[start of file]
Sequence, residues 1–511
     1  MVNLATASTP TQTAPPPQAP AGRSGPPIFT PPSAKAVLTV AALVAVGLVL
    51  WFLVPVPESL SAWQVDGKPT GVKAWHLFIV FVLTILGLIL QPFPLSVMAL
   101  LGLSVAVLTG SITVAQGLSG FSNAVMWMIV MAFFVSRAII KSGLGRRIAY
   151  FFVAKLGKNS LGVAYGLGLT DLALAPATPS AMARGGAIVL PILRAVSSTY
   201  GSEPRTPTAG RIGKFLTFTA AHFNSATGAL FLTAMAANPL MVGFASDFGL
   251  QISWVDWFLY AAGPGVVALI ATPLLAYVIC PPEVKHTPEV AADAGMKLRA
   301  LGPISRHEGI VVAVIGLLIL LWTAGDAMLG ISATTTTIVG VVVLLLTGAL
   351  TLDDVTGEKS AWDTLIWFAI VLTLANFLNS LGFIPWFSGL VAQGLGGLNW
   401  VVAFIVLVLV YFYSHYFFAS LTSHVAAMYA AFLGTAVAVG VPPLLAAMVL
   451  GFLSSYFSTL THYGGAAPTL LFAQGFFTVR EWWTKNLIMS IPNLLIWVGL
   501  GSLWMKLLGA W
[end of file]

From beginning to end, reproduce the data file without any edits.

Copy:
Sequence, residues 1–511
     1  MVNLATASTP TQTAPPPQAP AGRSGPPIFT PPSAKAVLTV AALVAVGLVL
    51  WFLVPVPESL SAWQVDGKPT GVKAWHLFIV FVLTILGLIL QPFPLSVMAL
   101  LGLSVAVLTG SITVAQGLSG FSNAVMWMIV MAFFVSRAII KSGLGRRIAY
   151  FFVAKLGKNS LGVAYGLGLT DLALAPATPS AMARGGAIVL PILRAVSSTY
   201  GSEPRTPTAG RIGKFLTFTA AHFNSATGAL FLTAMAANPL MVGFASDFGL
   251  QISWVDWFLY AAGPGVVALI ATPLLAYVIC PPEVKHTPEV AADAGMKLRA
   301  LGPISRHEGI VVAVIGLLIL LWTAGDAMLG ISATTTTIVG VVVLLLTGAL
   351  TLDDVTGEKS AWDTLIWFAI VLTLANFLNS LGFIPWFSGL VAQGLGGLNW
   401  VVAFIVLVLV YFYSHYFFAS LTSHVAAMYA AFLGTAVAVG VPPLLAAMVL
   451  GFLSSYFSTL THYGGAAPTL LFAQGFFTVR EWWTKNLIMS IPNLLIWVGL
   501  GSLWMKLLGA W